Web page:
fig2
Figure 2: Treatment of human breast cells with tannic acid. Light microscopic images of three human breast cell lines (a) MCF10A, (b) MDA-MB-231, and (c) MCF7; cells were grown to near confluence prior to treatment with 10%, 1.0%, and 0.1% TA cross-linked beads for 24–48 h. Scale bars = 50  m.
fig3
Figure 3: Tannic acid treatment affects cell numbers. Three human breast cell lines (a) MCF10A, (b) MDA-MB-231, and (c) MCF7 were treated with 10%, 1.0%, and 0.1% TA cross-linked beads for 24 and 48 h. The remaining cells were counted. , , and error bars = SE. NT: no treatment.

3.3. Tannic Acid Induces Apoptosis in Breast Cells

In order to determine if TA reduces cell numbers and alters cell morphology of breast cells by inducing apoptosis, TA-treated cultures of breast cell lines were subjected to TUNEL assays. Previous studies have demonstrated that MCF7 cells are sensitive to the effects of TA [24, 30]. Only the highest concentration of TA, 10%, significantly induced apoptosis in the normal MCF10A cells after 24 h of exposure (Figure 4(a)). Two concentrations of TA induced significant levels of apoptosis in MDA-MB-231 cells compared to untreated MDA-MB-231 cells (Figure 4(b)). MCF7 cells were more sensitive to TA exposure, as all three concentrations induced significant apoptosis within 24 h of exposure and the percentage of apoptotic cells remained significantly higher after 48 h in response to the two higher concentrations of TA, unlike in the other two cell lines (Figure 4(c)). The addition of the highest dose of TA initiated apoptosis in all three cell lines within 24 h of treatment, with the breast cancer cells having a greater number of apoptotic cells when exposed to the lower levels of TA compared to the normal MCF10A cells.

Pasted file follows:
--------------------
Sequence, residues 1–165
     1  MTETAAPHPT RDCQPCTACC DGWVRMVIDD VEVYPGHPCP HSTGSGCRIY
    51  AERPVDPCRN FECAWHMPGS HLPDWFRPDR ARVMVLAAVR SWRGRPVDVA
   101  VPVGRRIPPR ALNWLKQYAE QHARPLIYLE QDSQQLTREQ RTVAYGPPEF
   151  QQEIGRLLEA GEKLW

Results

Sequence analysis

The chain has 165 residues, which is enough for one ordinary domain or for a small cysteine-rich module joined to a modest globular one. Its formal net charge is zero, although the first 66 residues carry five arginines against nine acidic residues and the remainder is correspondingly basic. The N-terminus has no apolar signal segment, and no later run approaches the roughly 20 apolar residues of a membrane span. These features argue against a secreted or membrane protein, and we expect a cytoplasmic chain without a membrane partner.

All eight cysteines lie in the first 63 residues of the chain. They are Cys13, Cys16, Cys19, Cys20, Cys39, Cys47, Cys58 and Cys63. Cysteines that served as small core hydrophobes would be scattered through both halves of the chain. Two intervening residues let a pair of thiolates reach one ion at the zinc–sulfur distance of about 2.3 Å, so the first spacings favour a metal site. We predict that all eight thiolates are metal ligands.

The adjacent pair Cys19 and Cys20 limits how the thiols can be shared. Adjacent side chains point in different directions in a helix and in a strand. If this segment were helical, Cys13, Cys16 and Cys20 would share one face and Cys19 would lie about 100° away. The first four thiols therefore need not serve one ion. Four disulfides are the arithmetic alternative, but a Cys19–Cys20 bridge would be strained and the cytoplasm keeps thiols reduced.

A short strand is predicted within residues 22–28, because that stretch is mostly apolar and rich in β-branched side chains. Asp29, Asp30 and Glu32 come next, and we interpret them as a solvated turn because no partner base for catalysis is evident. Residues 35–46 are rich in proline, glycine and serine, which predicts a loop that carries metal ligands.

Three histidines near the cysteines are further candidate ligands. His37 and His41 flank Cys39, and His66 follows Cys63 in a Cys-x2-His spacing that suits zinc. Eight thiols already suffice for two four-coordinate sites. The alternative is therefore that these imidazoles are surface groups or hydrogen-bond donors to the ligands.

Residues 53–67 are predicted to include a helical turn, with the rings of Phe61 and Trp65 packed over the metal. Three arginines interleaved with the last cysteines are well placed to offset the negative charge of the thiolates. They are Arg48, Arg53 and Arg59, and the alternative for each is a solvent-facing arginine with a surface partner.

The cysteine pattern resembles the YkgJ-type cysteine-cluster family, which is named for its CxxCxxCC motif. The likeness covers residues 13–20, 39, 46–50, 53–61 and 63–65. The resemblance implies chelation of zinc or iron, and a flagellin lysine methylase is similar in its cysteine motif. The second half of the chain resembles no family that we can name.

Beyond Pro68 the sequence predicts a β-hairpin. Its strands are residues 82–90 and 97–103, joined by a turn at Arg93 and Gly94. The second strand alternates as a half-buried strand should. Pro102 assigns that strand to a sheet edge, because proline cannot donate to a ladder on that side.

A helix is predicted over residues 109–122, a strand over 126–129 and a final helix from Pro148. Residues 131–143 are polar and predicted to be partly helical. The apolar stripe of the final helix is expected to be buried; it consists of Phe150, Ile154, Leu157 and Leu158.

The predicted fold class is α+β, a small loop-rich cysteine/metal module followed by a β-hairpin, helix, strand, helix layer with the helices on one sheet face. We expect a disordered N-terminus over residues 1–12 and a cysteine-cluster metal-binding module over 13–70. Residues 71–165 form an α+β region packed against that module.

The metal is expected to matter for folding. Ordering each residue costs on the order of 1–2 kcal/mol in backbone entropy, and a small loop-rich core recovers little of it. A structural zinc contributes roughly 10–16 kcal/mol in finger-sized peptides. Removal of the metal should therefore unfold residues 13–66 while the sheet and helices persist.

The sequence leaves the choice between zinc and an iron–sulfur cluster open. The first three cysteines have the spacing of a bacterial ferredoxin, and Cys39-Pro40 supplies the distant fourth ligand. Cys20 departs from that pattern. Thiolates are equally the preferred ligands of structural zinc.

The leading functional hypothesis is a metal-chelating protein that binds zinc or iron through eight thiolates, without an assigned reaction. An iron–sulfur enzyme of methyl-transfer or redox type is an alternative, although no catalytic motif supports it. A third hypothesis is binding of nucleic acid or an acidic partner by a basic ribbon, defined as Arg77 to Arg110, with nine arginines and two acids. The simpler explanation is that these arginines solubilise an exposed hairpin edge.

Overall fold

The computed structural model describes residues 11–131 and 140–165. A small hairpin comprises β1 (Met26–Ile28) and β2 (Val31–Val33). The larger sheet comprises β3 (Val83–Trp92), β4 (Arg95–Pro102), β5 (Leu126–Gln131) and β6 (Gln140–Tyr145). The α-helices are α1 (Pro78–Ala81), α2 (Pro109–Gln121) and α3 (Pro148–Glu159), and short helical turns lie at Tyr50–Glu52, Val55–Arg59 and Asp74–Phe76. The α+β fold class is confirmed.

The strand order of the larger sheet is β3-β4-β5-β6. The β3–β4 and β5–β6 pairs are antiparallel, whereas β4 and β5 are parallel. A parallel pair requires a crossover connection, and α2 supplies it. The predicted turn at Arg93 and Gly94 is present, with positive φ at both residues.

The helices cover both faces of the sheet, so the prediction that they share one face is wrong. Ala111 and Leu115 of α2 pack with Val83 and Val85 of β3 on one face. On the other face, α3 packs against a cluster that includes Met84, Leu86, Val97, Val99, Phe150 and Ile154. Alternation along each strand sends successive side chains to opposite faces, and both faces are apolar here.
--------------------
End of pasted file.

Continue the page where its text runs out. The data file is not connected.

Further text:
fig4
Figure 4: Tannic acid exposure induces apoptosis in breast cells. (a) MCF10A, (b) MDA-MB-231, and (c) MCF7 cells were untreated or treated with 10%, 1.0%, and 0.1% TA cross-linked beads for 24–48 h. TUNEL assays were performed and the results displayed as the percentage of apoptotic cells. , versus and error bars = SE. NT: no treatment.
3.4. Tannic Acid Induces Apoptosis via Caspase Activation

One mechanism involved in the initiation of apoptosis is activation of caspase signaling cascades. Levels of caspase activity were measured using flow cytometry-based caspase activity assays. The levels of activated caspase 9 found in MCF7 cells were significantly higher than the levels observed in MCF10A and MDA-MB-231 cells, for the two highest TA concentrations used after 24 h of exposure (Figure 5(a)). Levels of activated caspase 9 in MCF10A and MDA-MB-231 cells were only significantly elevated in response to the highest concentration of TA. All TA-induced elevated levels of caspase 9 remained elevated after 48 h of exposure.

fig5
Figure 5: Tannic acid exposure induces apoptosis in breast cells via induction of caspases. MCF10A, MDA-MB-231, and MCF7 cells were untreated or treated with 10%, 1.0%, and 0.1% TA cross-linked beads for 24 and 48 h. Levels of activated (a) caspase 9 and (b) caspase 3/7 were determined using flow cytometry. NT: no treatment. TA 10 versus other treatments, MCF7 versus MCF10A.